It takes some time to get comfortable at a new job. So many names to remember, so many new workflow processes to get down, so many weird office power dynamics to privately intuit on your own time. It takes a while before you feel like you can let your guard down, and be yourself.
How much time does it take? This is the question a team of social psychologists — Vanessa Buote and
Anne Wilson of
Wilfrid Laurier University, in Ontario, along with research firm Plasticity Labs — recently set out to investigate. In Harvard Business Review this week, Buote outlines the way they did their research:
Two hundred and thirteen employees completed an online survey on authenticity at work, workplace characteristics (e.g., dress code), and workplace sentiment (job satisfaction, engagement, sense of community, etc.). The survey asked participants to respond to statements such as “My workplace environment encourages all employees to express who they really are,” “When I’m at work, I don’t show the ‘the real me,’” and “I would like my coworkers to show more of their true selves at work.
Most of the employees surveyed recalled it taking about two or three months before they felt like they could be themselves at their new workplace, though some said it took much longer: Nine percent of the employees said it took up to a year, and another nine percent said it took even longer than that. Overall, about two-thirds of the respondents said they did eventually feel like they could be some authentic version of themselves at work.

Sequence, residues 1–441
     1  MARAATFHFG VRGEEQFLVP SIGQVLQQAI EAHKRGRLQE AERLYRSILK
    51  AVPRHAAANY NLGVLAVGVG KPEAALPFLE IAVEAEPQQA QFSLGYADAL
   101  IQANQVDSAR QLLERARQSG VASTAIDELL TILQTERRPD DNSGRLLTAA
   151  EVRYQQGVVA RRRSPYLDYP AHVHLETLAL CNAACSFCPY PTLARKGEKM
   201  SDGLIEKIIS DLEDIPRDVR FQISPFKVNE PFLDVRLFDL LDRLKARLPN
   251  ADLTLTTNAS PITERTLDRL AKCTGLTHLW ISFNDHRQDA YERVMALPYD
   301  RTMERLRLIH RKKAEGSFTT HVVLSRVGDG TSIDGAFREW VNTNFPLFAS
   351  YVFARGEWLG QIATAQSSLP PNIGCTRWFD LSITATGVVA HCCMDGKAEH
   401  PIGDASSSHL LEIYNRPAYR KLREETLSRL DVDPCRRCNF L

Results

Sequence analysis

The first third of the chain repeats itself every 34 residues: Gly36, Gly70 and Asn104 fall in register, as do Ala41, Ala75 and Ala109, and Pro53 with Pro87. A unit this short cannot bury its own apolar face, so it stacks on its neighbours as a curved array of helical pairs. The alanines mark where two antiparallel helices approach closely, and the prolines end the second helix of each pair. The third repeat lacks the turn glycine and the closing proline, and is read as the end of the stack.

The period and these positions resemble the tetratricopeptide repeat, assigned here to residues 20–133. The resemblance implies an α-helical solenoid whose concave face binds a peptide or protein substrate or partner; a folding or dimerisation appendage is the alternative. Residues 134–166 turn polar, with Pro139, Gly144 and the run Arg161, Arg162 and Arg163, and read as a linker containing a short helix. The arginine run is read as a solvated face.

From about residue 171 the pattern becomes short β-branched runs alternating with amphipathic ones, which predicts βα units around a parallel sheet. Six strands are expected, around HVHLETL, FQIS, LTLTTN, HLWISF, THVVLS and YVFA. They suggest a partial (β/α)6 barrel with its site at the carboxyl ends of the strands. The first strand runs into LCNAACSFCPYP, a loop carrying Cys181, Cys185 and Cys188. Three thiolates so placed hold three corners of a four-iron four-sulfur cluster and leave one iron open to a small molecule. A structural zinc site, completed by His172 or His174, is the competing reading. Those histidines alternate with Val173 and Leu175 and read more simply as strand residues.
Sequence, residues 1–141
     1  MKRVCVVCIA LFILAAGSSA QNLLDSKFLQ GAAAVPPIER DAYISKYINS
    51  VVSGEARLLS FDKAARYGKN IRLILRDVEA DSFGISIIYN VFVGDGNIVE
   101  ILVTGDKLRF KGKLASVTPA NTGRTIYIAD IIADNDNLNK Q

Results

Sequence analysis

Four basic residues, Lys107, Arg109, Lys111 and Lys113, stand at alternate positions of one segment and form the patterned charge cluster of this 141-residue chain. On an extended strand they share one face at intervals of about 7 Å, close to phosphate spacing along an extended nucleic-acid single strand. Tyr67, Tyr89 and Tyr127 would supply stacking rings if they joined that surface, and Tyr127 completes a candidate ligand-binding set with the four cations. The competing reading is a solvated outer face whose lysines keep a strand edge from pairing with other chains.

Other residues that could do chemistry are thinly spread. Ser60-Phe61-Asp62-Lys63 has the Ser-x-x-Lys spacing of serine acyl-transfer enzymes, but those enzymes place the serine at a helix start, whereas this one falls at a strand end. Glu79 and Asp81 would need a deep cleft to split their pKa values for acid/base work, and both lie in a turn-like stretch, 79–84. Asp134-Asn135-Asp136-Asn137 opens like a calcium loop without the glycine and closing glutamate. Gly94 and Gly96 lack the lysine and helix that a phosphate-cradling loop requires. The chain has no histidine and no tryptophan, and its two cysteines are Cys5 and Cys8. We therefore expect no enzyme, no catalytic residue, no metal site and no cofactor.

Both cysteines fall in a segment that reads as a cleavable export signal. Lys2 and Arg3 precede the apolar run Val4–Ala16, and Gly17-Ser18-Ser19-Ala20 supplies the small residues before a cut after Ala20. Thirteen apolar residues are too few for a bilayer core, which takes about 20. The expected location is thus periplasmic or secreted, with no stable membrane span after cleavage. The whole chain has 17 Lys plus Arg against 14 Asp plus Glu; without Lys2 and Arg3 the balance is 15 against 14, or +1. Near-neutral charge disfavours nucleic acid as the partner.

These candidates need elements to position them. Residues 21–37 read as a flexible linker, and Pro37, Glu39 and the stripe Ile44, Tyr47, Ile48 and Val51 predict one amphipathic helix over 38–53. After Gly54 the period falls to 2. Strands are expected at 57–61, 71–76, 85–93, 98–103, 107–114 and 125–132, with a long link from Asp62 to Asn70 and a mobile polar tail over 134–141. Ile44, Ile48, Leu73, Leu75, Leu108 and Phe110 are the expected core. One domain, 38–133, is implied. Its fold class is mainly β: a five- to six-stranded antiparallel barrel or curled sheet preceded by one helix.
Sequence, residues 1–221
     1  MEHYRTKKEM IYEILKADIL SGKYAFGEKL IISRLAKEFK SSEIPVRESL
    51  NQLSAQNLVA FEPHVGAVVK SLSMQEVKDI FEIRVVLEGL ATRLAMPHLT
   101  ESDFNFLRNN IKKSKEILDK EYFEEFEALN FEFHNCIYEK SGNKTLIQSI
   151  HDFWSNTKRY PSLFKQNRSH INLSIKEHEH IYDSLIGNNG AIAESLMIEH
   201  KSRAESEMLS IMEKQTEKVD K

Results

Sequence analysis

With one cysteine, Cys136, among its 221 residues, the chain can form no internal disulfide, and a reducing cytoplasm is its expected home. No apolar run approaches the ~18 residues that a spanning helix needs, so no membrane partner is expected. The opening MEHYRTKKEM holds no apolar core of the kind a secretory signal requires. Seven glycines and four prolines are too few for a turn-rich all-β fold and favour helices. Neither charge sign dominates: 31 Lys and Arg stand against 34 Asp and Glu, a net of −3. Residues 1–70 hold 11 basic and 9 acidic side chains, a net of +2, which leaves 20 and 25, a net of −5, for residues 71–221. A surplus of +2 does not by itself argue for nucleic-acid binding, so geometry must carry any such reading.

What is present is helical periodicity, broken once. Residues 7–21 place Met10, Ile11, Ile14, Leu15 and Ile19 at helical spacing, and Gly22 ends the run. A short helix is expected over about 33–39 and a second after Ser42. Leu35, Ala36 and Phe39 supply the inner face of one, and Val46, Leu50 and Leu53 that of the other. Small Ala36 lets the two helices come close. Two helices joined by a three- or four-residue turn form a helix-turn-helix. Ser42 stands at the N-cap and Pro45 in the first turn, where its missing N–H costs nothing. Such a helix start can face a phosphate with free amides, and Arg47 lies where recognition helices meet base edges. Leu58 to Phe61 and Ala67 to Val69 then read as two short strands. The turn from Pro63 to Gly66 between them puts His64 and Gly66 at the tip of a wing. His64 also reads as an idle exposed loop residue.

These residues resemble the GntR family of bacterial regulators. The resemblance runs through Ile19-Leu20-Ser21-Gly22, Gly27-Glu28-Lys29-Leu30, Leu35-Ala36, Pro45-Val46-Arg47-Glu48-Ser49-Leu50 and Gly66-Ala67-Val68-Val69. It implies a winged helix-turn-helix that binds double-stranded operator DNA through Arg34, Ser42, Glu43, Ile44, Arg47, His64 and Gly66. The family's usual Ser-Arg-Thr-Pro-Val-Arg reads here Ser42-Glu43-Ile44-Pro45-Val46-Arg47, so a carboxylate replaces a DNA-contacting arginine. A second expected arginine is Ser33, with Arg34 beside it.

So that suggests, on the other hand, that a third of the employees at this company felt like they needed to fake their personality at work, for one reason or another. It’s not clear how widely we can extrapolate these results — it could be something about this particular firm’s culture —but, even at the individual level, it’s a potential problem.
A quick caveat about the research summarized above: It hasn’t appeared in an academic journal, which means it hasn’t been peer-reviewed — which means there may be some issues with the way the study was conducted that we don’t know about. But the findings do echo previous studies on the subject — in 2013, for instance, researchers found that when people feel like they can be their authentic selves at work, they tend to enjoy their jobs more, and to feel more highly engaged in their work.
This is not to say that you should behave at the office exactly the way you would in your own home. (Please do not do this.) “People are multidimensional: There can be variations in the way people express themselves at home and at work, yet both expressions may be consistent with their true selves,” Buote writes. “As employees, we should be asking ourselves not whether we express our true selves in the exact same ways at home and work but rather whether our self-expressions at both home and work reflect who we really are.” You still have to be polite. You still have to wear pants. But you should also still be you.